In the context of mass-surveillance, traffic analysis and Machine Learning, privacy cannot be a question of individual preference. But how can we make privacy the default and build a global privacy infrastructure, in practice? Current internet business models are all about collecting and exploiting data. With centralised parties running the infrastructure, user consent is a joke. “Take it or leave it” is not a meaningful choice for basic infrastructure. COVID-19 is set to exacerbate this, with more processes going digital, and the roll-out of contact tracing and vaccine certificates. In reaction to centralisation and data exploitation, recent years have seen a wave of decentralised technologies. New protocols, blockchains, DLTs and DAOs aim to challenge surveillance capitalism by proposing new models for the internet. This panel will discuss these as an infrastructural approach, and how it can further the aim of global privacy.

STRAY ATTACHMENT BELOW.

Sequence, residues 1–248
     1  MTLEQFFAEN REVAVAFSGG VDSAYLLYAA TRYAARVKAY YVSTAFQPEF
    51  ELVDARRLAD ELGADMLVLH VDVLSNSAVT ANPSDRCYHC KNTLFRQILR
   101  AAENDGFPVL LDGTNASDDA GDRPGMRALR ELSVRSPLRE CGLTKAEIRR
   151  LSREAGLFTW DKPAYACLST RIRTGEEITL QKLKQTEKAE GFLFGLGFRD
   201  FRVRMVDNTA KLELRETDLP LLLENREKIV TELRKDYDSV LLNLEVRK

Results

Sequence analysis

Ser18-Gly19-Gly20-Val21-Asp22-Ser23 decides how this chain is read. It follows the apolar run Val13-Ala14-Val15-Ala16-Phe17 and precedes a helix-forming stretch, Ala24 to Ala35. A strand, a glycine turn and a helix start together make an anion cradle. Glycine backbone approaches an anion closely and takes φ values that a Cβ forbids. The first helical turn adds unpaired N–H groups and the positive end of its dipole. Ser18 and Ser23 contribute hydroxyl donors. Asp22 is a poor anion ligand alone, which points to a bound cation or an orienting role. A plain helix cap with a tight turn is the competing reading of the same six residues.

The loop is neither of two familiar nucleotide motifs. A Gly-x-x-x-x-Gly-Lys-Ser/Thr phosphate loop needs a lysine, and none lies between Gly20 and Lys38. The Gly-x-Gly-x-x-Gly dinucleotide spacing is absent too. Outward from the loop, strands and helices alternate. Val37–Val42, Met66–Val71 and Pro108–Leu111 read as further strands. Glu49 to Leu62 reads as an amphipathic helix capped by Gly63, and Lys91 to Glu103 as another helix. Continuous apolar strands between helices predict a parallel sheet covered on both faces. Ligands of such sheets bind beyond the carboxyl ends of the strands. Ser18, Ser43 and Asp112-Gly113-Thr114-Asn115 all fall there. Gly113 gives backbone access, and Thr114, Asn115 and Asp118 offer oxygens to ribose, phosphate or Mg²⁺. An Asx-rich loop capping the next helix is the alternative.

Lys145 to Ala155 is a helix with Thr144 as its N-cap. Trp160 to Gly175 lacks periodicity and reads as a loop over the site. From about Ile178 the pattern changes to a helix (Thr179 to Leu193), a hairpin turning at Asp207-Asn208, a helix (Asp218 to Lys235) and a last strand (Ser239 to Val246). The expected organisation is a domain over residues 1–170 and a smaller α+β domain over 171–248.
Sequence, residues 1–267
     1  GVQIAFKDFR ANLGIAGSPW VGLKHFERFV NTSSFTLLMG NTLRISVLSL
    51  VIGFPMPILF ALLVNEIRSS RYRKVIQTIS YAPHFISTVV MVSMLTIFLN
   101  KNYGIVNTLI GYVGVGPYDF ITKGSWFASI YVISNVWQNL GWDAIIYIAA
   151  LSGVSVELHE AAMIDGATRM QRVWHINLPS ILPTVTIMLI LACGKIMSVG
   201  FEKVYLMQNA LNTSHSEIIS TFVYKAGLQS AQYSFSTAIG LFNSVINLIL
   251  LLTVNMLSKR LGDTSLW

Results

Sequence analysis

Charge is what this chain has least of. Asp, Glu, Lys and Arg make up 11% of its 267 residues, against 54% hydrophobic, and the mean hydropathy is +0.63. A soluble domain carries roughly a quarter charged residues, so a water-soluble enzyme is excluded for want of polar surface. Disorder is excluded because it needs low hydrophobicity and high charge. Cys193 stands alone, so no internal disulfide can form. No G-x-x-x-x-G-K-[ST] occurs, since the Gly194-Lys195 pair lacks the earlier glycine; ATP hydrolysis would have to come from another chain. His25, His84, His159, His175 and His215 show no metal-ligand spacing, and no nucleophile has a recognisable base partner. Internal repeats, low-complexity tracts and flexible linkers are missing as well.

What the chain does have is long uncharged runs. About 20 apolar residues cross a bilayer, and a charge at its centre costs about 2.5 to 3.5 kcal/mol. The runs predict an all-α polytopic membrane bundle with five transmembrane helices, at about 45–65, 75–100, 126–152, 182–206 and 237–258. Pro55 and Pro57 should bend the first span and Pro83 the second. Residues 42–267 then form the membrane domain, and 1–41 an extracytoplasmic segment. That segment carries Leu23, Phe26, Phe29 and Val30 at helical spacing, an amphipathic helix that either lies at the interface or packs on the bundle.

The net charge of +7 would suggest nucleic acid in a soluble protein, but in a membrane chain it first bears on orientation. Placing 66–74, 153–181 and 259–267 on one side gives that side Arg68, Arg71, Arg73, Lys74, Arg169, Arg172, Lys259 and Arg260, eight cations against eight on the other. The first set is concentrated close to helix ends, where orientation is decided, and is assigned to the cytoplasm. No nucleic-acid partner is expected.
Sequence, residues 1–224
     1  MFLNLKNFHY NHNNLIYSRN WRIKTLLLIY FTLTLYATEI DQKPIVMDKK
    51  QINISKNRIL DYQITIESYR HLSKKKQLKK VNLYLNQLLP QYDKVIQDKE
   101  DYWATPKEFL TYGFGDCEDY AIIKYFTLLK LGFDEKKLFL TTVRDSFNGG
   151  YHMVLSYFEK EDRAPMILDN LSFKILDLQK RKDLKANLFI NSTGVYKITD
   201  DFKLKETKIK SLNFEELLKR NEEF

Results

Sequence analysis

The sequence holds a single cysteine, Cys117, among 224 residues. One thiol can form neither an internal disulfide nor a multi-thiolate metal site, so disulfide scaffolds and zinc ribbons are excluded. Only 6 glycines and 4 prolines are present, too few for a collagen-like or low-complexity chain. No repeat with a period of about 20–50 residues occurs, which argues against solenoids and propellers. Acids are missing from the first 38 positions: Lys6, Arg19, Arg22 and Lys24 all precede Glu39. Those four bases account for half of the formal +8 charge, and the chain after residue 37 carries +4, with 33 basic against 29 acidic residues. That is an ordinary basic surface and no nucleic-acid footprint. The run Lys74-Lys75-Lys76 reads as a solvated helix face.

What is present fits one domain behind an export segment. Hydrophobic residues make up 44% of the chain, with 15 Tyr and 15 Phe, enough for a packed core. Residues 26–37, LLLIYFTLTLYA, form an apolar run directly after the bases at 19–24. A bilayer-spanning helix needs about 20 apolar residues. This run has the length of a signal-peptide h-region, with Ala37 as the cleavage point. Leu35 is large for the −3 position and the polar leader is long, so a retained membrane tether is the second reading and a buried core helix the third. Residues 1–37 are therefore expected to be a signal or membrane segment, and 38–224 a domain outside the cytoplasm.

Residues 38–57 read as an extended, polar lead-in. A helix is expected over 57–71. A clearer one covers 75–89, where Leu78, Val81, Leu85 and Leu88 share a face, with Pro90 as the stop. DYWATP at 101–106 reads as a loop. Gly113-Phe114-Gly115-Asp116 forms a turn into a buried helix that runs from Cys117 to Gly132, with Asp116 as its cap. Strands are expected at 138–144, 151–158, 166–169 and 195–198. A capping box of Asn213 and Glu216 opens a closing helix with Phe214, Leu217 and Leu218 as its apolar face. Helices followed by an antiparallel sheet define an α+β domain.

• Can we have a decentralised approach to privacy-preserving infrastructures that removes the big powerful providers that collect data for profit?
• How can we ensure all participants have the right incentives to make the system sustainable?
• By decentralising privacy infrastructure, can we remove the surveillance incentive?
• In such a decentralised infrastructure, who is trusted for what?